In 2002 the St. Louis Rams played the New England Patriots for the Super Bowl. The Rams came in at 14-2 while the Patriots came in at 11-5. The Rams were 14 point favorites to win the game, but with the game tied at 17, and against John Madden’s advice, Tom Brady lead the Patriots down the field for Adam Vinetari to kick the game-winning field goal and win 20-17.
It was the second biggest upset in NFL history as the Rams were 14 point favorites, right behind Super Bowl three when the Baltimore Colts were 18 point favorites against Joe Namath and the New York Jets, and lost 16-7.
Three championships later and many legacies being made, the spy gate scandal came to the surface and it was found out that the New England Patriots had videotaped their opponents walk throughs before the game, one of those games being Super Bowl 36 against the Rams.
12 years later and not a single Super Bowl goes by, where Rams fans and former players don’t think about it. The Patriots were given some fines and had some draft picks taken away, but none of that could give the Rams their second Super Bowl.
Since spy gate the Rams are 70-121-1, have had one winning record, and have two playoff appearances. The Patriots on the other hand are 147-45, have had 12 winning seasons, made the playoffs 10 times, and have made 4 other Super Bowls, winning two.
Former players that were on the Rams team always get asked about spy gate during Super Bowl week, here’s what some have had to say over the years.
Torry Holt in 2012
You know, I didn’t give in to that when I was (in New England). I didn’t make a whole lot of it. It was normal for me to think, “I wonder if…As a matter of fact, let me go snoop around and see if I can pick up some clues or something.” (laughs) Naw, I was there to play with a winner. I saw how they work, the attention to details, and the focus every single day in that building was all geared towards winning. I saw how they worked to prepare or get ready to win ballgames, and I had a total respect for it. Did they do more? Hey, I don’t know. It’s just unfortunate it had to happen with us there in St. Louis. But I tried to separate that as much as possible, and just kinda focus on why I was there, and that was to get better and help them win ballgames.
I think the whole Spygate deal with the tapes will continue to linger because nobody really knows. And I think that now with the bounties and the New Orleans Saints, that’s going to linger over their Super Bowl run. But at the end of the day, those guys [the Patriots] played well, they played hard, they executed and did more than we could do that game to win.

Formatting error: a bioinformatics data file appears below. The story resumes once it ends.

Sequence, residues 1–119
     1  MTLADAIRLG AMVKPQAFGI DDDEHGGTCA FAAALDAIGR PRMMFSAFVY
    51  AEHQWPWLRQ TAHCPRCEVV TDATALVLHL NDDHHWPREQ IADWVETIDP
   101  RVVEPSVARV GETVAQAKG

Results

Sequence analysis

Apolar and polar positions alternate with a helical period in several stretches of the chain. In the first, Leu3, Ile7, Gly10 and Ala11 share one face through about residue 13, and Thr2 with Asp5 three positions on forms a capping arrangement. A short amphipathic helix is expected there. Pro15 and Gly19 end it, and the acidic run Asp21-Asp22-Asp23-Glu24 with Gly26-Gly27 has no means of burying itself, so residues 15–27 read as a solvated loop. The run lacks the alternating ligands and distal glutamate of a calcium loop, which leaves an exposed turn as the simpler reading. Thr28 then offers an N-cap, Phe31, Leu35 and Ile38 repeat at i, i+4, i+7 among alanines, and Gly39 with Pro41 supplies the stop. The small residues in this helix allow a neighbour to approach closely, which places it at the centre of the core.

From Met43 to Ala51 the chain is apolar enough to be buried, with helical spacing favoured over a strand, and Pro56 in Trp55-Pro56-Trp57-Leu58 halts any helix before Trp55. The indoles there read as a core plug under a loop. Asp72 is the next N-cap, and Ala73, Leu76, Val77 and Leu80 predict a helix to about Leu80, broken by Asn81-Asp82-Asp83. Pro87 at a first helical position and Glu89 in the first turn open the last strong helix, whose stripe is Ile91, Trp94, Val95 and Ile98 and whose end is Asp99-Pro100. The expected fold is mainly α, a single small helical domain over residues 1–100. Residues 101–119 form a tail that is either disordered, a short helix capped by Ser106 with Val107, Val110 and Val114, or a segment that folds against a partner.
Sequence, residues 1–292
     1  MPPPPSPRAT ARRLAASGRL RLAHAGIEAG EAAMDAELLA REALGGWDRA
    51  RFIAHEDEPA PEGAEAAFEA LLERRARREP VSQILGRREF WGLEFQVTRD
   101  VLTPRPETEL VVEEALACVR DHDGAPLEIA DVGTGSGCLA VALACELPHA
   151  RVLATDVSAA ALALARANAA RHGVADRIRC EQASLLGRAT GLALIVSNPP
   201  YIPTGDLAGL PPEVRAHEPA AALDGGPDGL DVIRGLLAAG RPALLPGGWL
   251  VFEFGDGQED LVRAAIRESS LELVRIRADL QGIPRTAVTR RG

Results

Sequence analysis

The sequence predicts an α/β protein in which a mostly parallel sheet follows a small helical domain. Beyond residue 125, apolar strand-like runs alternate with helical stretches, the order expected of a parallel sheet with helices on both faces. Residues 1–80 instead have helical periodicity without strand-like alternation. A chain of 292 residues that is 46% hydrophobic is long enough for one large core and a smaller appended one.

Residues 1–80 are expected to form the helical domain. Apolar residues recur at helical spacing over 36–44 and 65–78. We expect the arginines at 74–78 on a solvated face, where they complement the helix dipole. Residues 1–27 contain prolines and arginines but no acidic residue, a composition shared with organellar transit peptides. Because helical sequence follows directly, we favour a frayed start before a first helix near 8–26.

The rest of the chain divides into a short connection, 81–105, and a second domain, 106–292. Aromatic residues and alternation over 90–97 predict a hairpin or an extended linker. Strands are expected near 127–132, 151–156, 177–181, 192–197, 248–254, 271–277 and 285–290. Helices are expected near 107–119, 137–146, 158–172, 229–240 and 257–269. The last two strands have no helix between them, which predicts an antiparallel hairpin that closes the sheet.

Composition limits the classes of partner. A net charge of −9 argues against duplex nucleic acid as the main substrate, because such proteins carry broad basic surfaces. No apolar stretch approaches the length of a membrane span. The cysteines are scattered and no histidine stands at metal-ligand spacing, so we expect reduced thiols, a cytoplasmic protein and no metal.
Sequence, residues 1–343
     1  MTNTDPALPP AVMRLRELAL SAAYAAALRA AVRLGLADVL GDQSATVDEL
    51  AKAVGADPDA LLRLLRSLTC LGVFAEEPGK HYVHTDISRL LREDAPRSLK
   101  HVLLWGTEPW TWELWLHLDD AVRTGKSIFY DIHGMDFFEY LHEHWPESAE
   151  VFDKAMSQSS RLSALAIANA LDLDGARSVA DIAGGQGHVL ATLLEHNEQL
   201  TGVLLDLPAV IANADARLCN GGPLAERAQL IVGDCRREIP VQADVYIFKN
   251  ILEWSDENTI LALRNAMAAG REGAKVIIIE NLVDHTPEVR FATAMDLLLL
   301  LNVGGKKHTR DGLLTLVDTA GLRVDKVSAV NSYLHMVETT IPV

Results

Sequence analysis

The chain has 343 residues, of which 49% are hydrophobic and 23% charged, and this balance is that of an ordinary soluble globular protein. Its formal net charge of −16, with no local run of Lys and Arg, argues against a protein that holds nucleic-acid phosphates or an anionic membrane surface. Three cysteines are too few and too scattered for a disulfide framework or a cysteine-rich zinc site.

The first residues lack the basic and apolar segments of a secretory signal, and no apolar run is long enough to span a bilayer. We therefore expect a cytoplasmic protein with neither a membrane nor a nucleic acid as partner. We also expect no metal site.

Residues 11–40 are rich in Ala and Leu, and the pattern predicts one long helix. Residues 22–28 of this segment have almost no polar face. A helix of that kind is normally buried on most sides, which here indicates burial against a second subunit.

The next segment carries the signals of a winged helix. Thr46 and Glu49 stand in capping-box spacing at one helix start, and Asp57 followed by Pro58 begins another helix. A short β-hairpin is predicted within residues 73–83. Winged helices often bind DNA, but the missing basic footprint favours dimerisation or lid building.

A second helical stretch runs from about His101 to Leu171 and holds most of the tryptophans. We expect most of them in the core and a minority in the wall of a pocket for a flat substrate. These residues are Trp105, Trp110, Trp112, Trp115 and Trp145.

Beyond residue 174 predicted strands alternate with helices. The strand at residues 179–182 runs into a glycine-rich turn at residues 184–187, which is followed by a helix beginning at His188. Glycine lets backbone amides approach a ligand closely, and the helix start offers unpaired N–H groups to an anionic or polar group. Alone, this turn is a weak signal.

Marshall Faulk in 2013
“Am I over the loss? Yeah, I’m over the loss. But I’ll never be over being cheated out of the Super Bowl. That’s a different story,” Faulk said, “I can understand losing a Super Bowl, that’s fine . . . But how things happened and what took place. Obviously, the commissioner gets to handle things how he wants to handle them but if they wanted us to shut up about what happened, show us the tapes. Don’t burn ‘em.”
“Any time that I was offset, I was always stationary,” Faulk told ComcastSportsnet. “And we had (created) motioning in the backfield at the same depth on the other side of the field. And they created a check for it. It’s just little things like that.
“It’s either the best coaching in the world when you come up with situations that you had never seen before. Or you’d seen it and knew what to do.”
Willie McGinest responding to Faulk in 2013
“If we had any extra information, then that game wouldn’t have been as dramatic as it was, coming down to a field goal,” McGinest told Comcast Sports Net in New England. “Trust me. It would have been a blowout.”
Kurt Warner in 2014
“We understand Spygate; it was there, but nobody really knows what it was. I think the unfortunate thing is nobody really has any answers. When you’re the team that lost that Super Bowl there’s always that question in your mind. There’s that inkling of was there something else going on? It’s unfortunate, because as much as you try to put it out of your mind, you know it was still there and we really never got the answers to those questions.”
“Nobody ever got to see the real evidence, so if there wasn’t anything there why didn’t we all get to see it? It’s over, it’s done with. I want to give credit to coach Belichick because he’s so good at what he does. They had a great game plan, they beat us up and officials don’t want to call penalties in the Super Bowl. They played us very well, and you can look at that both ways: maybe they knew something, or maybe these were great coaches that put together great game plans. We never really got closure on the situation.”
Coming from a Rams fan, having a loss in a Super Bowl in which the opponent may have had an advantage, definitely makes it hurt a little more, but either way adjustments were made, the Rams fought back, and Tom Brady still lead an incredible drive down the field.
The Rams still turned the ball over three times, Jeff Wilkins still missed a 52 yard field goal in the second quarter, and the officials still were some of the worst officials ever to step on the football field.
The biggest problem is that nobody except the league and the Patriots truly knows what happened and nobody may ever know what happened, which makes it difficult for fans and players to get over.
Spygate will go down as one of the biggest controversies in NFL history, and until we actually know what happened, the pain of losing that epic game on that February day will live on forever.